On February 12th, 2015, the FIU College of Architecture + The Arts and the Consulate General of the Kingdom of the Netherlands in Miami jointly sponsored Designing the Resilient City, a panel discussion offered in conjunction with the exhibition MIAMI 2100: Envisioning a Resilient Second Century. Addressing a standing-room-only crowd at the Coral Gables Museum, Professors and exhibition co-curators Marilys Nepomechie (FIU Architecture) and Marta Canaves (FIU LAEUD) moderated presentations by Kai-Uwe Bergmann, Daniel Pittman and Daniel Vassini, key members in the internationally renowned architecture and landscape architecture practices of BIG; OMA | AMO and West 8. The ensuing discussion was stimulating, thought-provoking and robust. The event brought MIAMI 2100 to wide public attention, and continued to place FIU at the center of important conversations focused on the critical necessity of building resilience to climate change, sea level rise, and, in response to our unique environmental conditions, to the evolving form of our urban region.
MIAMI 2100 takes a comprehensive look at the topic of climate change and sea level rise, with a focus on our region and on the broad range of disciplinary research currently underway on our natural and built environments. FIU Architecture Instructor Eric Peterson, working with a team of architecture and landscape architecture students, configured the exhibition galleries, and constructed a large-scale interactive model of Miami which utilizes LiDAR data to depict the predicted effects of sea level rise on the city over the coming century.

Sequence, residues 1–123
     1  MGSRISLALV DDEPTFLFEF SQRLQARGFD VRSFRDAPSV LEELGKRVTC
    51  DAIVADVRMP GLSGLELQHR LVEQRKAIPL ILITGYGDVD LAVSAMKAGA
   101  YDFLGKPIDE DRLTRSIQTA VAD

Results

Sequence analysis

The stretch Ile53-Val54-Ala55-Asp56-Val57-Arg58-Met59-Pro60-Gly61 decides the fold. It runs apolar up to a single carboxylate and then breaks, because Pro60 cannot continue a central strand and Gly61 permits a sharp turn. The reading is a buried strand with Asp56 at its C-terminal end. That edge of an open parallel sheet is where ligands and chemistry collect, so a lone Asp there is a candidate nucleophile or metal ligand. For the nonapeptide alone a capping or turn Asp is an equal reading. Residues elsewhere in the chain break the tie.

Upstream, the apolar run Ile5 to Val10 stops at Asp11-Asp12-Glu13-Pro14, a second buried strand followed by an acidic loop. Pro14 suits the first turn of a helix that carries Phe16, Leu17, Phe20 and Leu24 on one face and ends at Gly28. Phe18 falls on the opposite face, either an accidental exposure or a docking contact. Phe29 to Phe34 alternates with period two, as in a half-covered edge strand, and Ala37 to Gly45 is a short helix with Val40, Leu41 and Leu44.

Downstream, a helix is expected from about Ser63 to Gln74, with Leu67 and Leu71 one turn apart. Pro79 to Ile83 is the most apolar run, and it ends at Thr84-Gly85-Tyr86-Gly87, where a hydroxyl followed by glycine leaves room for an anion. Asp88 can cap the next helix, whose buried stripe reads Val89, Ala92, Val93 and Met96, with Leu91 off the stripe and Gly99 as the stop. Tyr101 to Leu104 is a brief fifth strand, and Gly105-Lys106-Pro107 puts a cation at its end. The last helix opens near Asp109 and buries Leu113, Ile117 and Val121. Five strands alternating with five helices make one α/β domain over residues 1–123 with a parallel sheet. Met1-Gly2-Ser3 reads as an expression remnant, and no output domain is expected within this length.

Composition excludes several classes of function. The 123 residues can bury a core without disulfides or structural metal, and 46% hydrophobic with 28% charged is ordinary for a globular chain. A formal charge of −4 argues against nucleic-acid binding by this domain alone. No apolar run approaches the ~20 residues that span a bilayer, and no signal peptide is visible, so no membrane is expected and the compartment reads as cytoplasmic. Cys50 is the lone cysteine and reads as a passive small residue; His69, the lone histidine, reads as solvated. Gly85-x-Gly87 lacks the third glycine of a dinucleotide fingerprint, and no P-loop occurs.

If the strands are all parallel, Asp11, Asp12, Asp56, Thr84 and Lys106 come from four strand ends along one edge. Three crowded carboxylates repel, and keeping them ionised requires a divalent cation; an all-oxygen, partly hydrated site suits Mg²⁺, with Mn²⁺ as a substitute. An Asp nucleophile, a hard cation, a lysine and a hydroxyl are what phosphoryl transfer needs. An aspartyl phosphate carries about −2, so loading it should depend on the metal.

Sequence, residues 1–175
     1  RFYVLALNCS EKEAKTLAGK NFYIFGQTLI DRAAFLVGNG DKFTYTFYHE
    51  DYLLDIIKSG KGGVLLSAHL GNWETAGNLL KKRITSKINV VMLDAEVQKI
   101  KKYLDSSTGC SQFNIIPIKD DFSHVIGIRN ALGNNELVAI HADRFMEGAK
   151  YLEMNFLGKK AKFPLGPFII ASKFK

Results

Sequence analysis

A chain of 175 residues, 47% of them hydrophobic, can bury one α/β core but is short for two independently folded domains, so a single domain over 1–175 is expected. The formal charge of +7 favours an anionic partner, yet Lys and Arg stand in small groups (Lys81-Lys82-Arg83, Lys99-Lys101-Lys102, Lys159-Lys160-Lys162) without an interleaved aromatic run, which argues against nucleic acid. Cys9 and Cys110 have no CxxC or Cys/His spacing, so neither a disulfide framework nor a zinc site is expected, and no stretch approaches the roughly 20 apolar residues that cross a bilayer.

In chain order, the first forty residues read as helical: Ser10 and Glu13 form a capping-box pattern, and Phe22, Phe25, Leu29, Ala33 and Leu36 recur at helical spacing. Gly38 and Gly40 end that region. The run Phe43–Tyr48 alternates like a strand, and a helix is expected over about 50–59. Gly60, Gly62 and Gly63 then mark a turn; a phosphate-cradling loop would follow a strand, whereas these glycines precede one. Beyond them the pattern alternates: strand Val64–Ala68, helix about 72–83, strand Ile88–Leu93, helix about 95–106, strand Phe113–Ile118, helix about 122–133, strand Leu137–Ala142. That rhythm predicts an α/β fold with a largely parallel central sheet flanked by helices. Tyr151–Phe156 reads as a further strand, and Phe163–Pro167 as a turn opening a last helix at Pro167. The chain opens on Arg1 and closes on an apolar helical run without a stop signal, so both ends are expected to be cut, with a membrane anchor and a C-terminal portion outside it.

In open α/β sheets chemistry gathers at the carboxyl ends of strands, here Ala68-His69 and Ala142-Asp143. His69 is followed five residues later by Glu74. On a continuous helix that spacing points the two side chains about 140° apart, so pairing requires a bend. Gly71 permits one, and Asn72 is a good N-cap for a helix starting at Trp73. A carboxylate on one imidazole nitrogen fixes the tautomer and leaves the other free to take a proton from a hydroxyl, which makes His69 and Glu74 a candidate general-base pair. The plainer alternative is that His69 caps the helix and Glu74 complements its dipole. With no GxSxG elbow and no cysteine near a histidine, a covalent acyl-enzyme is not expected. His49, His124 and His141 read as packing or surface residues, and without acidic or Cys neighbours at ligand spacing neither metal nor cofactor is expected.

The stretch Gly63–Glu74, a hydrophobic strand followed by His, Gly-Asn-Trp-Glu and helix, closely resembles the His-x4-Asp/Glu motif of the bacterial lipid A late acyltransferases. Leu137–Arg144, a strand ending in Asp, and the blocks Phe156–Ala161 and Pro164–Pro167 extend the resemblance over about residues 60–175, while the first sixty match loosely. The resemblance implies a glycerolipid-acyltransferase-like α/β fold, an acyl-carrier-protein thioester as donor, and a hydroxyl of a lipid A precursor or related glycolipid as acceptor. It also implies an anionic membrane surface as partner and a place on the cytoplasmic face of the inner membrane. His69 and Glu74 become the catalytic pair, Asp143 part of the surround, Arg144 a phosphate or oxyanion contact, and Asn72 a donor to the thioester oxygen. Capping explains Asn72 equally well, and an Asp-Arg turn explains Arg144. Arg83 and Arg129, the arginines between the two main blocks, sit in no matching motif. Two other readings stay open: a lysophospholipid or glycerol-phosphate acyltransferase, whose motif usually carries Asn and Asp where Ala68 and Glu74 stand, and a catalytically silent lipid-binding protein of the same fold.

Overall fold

From the exhibition narrative:
Experts predict that over the next 100 years, significant portions of our city will be substantively affected by rising sea levels. MIAMI 2100: Envisioning a Resilient Second Century is an exhibition about planning for climate change and sea level rise in Greater Miami presented by the Florida International University School of Architecture. A topic that hits close to home is met with scientifically grounded optimism in this solution-oriented exhibit of architecture, landscape architecture and urban design strategies that can support the adaptation and transformation of existing infrastructure, neighborhoods, structures and regulations to ensure resilient future development.
Supported by grants from the National Science Foundation, the Cejas Family Foundation, and the CINTAS Foundation, the interactive, multi-media exhibition integrates broad expert and community voices as it poses key questions regarding climate science, while presenting both the challenges and the opportunities created by changing environmental conditions and rising sea levels. The exhibit incorporates student projects completed over a 3-year period through graduate research studios and seminars in the Departments of Architecture and Landscape Architecture at Florida International University….[E]xhibit curators Marta Canavés and Marilys Nepomechie directed academic explorations that can inform the important community planning that will allow Miami to remain a vibrant and increasingly desirable place to live for years to come. (Source: Coral Gables Museum).
Miami 2100: Envisioning a Resilient Second Century will remain on view until March 1st, 2015. For museum admission fees, visit the Coral Gables Museum online.
The header image is provided courtesy of Branko Micic.
This article was written with the help of Marilys Nepomechie and Marta Canavés.
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